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How to deal with fashion research, creatively

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Why is it important to do research when creating clothing and accessories collections, whether personal or for a specific brand? Is the fact of having ideas and just drawing not enough? A designer shouldn’t have just one idea; they should have 1,000 and constantly look for new inspirations because fashion continually changes and reinterprets itself.

To make a narrative of your creativity involves a deep and systematic work of exploration, analysis and even criticism of your initial idea. That is when research becomes the essential tool for designers to achieve their goals. I would venture to say that 80 per cent of a collection’s success comes from well-done research.

As a tutor, I always advise students to start investigating from their personal experience, from something that represents them: talking about themselves and telling their stories. After all, designing a collection is about telling a part of us; that is what we love and what we want to communicate. The narrative behind this initial idea must find a place in our world’s social, cultural, ethical, and aesthetic context

Imagination, curiosity, versatility, culture, and discipline must be part of a fashion designer’s DNA; observing changes and grasping the spirit of the times are essential qualities for a positive and ideal approach to research. The initial idea becomes a concept: this concept (to be later translated into a product/collection) should also be investigated outside the fashion world.

To grasp the flavour of contemporaneity, a designer should explore other fields to prove that their narration aligns with the surroundings and the world as we live it.

From art to furnishings, from design objects to great architecture, from the history of past events to the history of costume, technology to the metaverse, food to lifestyle, nature and poetry or cinema, from a memory and a journey to a special feeling, the author can retrieve information to reinforce the initial idea.

All the visual material collected from different sources (publications, social media, trendy websites, magazines) must be supported by explanatory text, quotes, notes, and keywords. It should include references by citing the source of origin. 

And what about the images supporting the whole project? They should be interconnected, speak the same language, and tell the story related to the primary idea.

After understanding the fundamentals of creative research, we can now delve deeper into the topic by trying to understand the difference between primary and secondary research. The students should be aware of the differences in the process of studying their project.

Specifically, how should a fashion student approach these two methods?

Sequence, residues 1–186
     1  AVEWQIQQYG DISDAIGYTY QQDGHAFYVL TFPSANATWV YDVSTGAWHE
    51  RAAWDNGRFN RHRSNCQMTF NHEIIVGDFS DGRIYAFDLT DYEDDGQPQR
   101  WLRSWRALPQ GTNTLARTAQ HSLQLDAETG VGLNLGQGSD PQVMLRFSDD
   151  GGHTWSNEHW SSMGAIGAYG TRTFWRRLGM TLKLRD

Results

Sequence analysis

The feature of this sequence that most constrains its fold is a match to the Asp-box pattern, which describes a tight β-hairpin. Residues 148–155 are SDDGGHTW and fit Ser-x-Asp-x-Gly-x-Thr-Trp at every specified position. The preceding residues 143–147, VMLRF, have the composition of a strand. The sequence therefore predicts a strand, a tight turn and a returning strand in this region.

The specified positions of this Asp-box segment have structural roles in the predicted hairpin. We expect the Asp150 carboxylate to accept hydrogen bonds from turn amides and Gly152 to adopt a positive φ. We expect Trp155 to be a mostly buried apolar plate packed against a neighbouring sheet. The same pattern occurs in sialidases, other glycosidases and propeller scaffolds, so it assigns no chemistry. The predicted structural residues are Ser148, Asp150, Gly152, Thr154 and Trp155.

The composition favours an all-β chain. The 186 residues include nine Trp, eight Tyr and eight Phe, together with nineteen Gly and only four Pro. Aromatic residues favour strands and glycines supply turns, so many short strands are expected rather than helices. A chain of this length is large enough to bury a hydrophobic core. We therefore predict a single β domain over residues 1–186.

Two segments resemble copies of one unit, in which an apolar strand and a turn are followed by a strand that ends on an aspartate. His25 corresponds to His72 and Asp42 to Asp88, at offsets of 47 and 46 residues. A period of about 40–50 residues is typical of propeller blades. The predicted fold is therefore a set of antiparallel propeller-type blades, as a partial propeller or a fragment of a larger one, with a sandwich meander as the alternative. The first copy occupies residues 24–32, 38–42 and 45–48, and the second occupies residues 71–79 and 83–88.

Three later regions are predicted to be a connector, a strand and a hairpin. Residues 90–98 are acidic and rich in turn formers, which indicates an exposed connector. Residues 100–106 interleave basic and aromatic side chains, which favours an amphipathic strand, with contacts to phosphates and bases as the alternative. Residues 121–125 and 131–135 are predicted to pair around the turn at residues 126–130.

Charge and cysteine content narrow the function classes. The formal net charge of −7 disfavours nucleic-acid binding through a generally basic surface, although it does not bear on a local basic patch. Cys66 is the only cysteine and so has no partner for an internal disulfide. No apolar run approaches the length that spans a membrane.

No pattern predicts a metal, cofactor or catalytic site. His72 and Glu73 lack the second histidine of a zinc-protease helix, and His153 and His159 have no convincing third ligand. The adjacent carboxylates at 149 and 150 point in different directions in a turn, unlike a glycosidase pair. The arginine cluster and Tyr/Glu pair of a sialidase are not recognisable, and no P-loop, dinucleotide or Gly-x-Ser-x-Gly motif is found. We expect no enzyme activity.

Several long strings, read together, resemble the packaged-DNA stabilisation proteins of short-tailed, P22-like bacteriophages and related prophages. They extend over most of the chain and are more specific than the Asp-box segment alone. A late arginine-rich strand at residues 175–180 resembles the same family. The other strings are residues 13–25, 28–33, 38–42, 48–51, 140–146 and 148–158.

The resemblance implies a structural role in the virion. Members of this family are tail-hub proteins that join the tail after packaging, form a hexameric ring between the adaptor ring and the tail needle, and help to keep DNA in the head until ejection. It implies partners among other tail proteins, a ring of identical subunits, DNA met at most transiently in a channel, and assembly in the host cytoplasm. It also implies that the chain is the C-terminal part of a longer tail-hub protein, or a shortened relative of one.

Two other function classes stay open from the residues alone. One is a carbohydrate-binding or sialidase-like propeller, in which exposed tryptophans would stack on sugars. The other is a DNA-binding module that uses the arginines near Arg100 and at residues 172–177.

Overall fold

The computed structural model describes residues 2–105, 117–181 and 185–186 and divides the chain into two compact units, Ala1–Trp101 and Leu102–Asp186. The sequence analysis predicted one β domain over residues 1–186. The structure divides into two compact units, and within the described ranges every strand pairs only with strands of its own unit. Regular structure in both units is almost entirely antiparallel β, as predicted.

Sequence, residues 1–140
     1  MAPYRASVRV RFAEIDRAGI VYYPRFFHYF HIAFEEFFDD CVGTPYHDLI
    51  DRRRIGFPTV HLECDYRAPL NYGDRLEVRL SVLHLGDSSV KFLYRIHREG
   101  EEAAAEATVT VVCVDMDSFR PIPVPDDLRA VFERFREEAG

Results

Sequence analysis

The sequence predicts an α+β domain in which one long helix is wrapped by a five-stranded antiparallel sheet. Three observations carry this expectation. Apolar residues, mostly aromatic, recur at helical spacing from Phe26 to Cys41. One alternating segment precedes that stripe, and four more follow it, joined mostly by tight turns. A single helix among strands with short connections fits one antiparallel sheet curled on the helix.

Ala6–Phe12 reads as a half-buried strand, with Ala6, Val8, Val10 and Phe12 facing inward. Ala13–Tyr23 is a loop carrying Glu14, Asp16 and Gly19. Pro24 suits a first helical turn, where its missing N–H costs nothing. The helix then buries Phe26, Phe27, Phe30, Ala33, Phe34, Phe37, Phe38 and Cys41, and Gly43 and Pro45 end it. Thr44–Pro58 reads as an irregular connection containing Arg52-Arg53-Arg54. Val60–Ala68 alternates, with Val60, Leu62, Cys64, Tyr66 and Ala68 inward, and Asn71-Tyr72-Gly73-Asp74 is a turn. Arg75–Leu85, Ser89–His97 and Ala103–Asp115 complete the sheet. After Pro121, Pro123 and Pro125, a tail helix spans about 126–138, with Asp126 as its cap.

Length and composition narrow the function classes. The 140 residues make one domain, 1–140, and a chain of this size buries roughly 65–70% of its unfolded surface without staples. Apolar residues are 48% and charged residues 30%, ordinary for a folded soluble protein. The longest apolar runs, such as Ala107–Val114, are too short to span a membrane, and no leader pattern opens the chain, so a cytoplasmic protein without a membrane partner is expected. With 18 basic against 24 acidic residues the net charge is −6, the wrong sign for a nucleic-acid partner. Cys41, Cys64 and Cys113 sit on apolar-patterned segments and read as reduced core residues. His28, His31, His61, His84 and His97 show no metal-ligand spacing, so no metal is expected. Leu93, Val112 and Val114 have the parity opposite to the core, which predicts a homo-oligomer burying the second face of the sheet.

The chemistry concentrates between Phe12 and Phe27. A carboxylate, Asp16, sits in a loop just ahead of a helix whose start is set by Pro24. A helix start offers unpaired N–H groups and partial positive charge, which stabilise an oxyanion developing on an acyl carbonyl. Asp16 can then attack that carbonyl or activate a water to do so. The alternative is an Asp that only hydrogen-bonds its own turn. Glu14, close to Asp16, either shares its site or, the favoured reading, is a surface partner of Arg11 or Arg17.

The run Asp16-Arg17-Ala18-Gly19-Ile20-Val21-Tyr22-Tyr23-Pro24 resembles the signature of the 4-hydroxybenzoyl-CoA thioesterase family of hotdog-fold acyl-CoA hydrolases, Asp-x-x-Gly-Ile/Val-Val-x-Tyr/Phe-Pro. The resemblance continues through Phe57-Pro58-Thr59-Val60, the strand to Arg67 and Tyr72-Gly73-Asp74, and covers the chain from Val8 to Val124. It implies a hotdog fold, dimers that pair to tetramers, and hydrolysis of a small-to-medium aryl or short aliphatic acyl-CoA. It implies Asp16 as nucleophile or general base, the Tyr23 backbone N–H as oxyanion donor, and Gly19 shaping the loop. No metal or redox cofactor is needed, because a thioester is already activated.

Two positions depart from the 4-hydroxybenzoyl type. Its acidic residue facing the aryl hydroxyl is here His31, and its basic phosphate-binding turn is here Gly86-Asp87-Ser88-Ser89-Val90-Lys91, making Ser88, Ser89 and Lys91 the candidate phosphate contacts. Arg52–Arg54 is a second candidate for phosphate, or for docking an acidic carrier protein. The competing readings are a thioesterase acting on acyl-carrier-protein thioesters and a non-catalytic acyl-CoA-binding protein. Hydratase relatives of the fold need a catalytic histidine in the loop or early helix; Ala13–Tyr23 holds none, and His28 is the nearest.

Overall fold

Primary Research

It involves the student’s active participation, including direct observation and experimentation of the elements they collected firsthand; this work is done with dedication and requires a lot of time.

Interviews, surveys, observations, choice of colours, materials, experimentation, manipulations, creative ideas, sketches, colour tests, and creation of prints or hardware: all these elements can inspire new ideas for potential products of collections.

The researcher must then rely on their personal ability to analyse, experiment, process, and make individual critical evaluations of what they are creating using the available materials: it is a very detailed and thorough process.

 

Secondary Research

It is the assimilation from research conducted by others. The student relies on secondary sources, which have already been studied, analysed and accomplished by others on the same topic: a collection and synthesis of data.

We reckon on different sources by gathering information and existing materials: visual material collected using different sources (publications, social media, trend websites, magazines, quotes, photographs, and other brands’ collections) from various fields.

This method involves the researcher’s passive participation and usually takes less time. The student will use all the collected materials to find confirmation of their initial idea and later develop their own independent and original thinking on the topic through primary research.

So what comes next? The following step will lead the student to observe something new while experimenting with material manipulations, choosing colours and fabrics, and designing ideas, silhouettes, and details. This practice represents a process of growth and development whose best creative content will be the premise for creating a solid contemporary and personal collection.

Planning in-depth research, full of ideas and inspirations from different contexts and interpreted on a personal level, allows the student to expand their initial vision and enrich it with new elements to achieve unexpected results.

 

 

Simona Schiappucci,
Design methods, Collection Development and Accessories Design Tutor, Milan
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